School of Library, Archive and Information Studies - University of Sheffield
Dept of Computer Science - University of Swansea
School of Library, Archive and Information Studies - University College London
UCL Interaction Centre - University College London
UCL Interaction Centre - University College London
It has long been an article of faith in computing that when a resource, a program or code is being created, it ought to be documented. (Raskin, 2005) It is also an article of faith in humanities computing that the markup should be non-platform-specific (e.g. SGML or XML). One important reason for both practices is to make reuse of resources easier, especially when the user may have no knowledge of or access to the original resource creator. (Morrison et al, nd, chapter 4)
However, our paper describes the problems that may emerge when such good practice is not followed. Through a case study of our experience on the UCIS project, we demonstrate why documentation, commenting code and the accurate use of SGML and XML markup are vital if there is to be realistic hope of reusing digital resources.
Background to the Project
The UCIS project (www.uclic.ucl.ac.uk/annb/DLUsability/UCIS) is studying the way that humanities researchers interact with digital library environments We aim to find out how the contents and interface of such collections affect the way that humanities scholars use them, and what factors inhibit their use. (Warwick, et al., 2005) An early work-package of the project was to build a digital text collection for humanities users, delivered via the Greenstone digital library system. We chose to use texts from the Oxford Text Archive, (OTA) because this substantial collection is freely available and contains at least basic levels of XML markup. However this task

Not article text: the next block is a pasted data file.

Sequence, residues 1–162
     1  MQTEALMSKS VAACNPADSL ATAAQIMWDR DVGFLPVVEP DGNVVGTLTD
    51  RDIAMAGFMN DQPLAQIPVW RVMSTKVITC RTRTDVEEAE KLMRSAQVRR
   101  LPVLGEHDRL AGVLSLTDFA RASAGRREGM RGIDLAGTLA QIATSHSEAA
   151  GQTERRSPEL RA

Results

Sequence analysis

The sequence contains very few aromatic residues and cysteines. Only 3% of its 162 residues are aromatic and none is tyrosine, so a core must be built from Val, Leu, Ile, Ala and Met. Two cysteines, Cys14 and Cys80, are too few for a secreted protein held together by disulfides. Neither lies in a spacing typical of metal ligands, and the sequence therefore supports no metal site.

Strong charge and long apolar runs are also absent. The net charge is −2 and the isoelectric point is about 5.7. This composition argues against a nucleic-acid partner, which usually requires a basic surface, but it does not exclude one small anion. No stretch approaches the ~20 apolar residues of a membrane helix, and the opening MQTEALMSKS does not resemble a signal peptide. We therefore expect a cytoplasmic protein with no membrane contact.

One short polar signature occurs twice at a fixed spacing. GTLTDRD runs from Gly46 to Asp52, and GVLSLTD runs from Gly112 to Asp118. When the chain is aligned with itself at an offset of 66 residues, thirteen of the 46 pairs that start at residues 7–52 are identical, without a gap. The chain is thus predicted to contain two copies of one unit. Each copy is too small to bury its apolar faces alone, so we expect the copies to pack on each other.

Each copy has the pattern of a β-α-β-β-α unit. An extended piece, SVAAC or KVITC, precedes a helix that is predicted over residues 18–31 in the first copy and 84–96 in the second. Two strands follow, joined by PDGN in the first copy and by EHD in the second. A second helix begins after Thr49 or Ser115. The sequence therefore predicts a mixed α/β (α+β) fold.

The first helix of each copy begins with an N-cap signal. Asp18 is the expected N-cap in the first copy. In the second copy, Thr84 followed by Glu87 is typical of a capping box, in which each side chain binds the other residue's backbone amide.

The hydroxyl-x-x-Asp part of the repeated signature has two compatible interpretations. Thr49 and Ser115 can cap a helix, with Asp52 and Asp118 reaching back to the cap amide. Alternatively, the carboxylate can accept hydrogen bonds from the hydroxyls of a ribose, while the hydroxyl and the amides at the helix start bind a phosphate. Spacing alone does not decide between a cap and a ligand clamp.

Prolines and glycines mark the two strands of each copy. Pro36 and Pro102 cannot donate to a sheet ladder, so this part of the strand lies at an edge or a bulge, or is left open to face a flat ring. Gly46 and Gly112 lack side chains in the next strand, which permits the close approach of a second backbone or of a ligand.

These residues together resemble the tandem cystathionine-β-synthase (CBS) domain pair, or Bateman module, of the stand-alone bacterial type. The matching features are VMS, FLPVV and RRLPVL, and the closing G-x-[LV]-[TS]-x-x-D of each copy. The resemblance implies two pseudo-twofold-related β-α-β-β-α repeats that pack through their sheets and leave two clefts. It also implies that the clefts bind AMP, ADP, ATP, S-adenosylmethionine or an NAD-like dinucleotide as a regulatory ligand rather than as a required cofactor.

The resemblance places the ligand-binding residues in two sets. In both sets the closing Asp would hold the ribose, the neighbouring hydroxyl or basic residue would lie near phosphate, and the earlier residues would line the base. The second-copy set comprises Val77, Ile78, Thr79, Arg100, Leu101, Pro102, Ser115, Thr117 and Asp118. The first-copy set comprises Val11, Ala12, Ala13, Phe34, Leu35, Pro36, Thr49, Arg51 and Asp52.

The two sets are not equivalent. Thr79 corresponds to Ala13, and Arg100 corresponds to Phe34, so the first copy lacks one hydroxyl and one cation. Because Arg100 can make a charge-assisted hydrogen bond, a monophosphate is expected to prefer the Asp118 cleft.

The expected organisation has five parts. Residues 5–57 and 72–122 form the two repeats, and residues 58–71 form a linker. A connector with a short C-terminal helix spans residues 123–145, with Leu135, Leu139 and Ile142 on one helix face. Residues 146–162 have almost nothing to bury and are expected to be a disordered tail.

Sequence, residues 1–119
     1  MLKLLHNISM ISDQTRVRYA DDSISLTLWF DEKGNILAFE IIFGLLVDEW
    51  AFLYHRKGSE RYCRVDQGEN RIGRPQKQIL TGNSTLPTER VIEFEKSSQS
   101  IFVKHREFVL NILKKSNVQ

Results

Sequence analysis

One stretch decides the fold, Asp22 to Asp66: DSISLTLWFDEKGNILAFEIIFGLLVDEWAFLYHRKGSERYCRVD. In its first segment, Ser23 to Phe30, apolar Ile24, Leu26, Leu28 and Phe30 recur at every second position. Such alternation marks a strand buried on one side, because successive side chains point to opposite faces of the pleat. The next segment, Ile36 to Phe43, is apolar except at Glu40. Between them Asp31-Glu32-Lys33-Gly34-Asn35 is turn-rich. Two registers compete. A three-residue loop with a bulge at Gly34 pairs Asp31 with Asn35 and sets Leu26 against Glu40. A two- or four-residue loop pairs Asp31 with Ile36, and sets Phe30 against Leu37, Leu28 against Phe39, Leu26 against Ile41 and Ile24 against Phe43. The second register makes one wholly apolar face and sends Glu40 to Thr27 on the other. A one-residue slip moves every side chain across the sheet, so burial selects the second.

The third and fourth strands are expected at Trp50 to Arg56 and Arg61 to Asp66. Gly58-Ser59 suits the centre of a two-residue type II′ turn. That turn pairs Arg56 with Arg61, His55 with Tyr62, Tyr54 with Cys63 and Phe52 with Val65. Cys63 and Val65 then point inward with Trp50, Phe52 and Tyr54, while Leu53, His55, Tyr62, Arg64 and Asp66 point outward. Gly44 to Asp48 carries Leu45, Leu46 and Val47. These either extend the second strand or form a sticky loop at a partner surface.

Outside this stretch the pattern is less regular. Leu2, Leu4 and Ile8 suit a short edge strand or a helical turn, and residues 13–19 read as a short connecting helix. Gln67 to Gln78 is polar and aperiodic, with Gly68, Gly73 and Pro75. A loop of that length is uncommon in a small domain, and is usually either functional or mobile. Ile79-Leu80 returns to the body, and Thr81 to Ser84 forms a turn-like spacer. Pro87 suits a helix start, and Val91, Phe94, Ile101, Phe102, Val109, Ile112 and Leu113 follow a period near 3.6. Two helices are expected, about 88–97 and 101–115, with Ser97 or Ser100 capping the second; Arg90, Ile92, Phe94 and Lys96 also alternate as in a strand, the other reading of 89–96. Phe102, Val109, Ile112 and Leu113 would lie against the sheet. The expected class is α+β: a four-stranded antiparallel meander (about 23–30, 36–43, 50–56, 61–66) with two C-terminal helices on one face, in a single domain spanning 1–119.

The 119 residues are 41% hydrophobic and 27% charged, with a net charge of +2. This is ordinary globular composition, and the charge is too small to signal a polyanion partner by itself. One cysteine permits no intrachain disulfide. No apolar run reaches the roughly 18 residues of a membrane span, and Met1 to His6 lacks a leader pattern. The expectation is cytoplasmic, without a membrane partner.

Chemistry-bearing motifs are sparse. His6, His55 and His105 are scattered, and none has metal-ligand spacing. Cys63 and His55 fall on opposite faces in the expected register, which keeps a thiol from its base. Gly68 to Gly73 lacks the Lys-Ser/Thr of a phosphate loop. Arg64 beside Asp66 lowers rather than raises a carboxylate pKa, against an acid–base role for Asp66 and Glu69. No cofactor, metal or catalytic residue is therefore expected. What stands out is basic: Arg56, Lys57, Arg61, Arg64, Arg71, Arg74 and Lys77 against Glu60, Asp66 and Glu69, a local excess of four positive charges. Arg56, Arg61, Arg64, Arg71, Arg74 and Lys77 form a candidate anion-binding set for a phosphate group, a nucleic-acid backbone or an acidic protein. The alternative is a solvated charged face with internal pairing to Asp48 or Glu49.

was to prove unexpectedly difficult, for reasons that
extend beyond the particular concerns of UCIS.
On examination of a sample of the files, we found that although they appeared to be in well formed XML, there were many inconsistencies in the markup.
These inconsistencies often arise from the electronic history of the documents. The markup of older (Early and Middle) English texts is complex, and many of the
problems stem from succeeding revisions to the underlying content. One common early standard was Cocoa markup, and many of the documents still contain Cocoa tags which meant that the files would not parse as XML.
In Cocoa, the (human) encoder can provide tags that
indicate parts of the original document, their form and clarity.
These tags were retained in their original Cocoa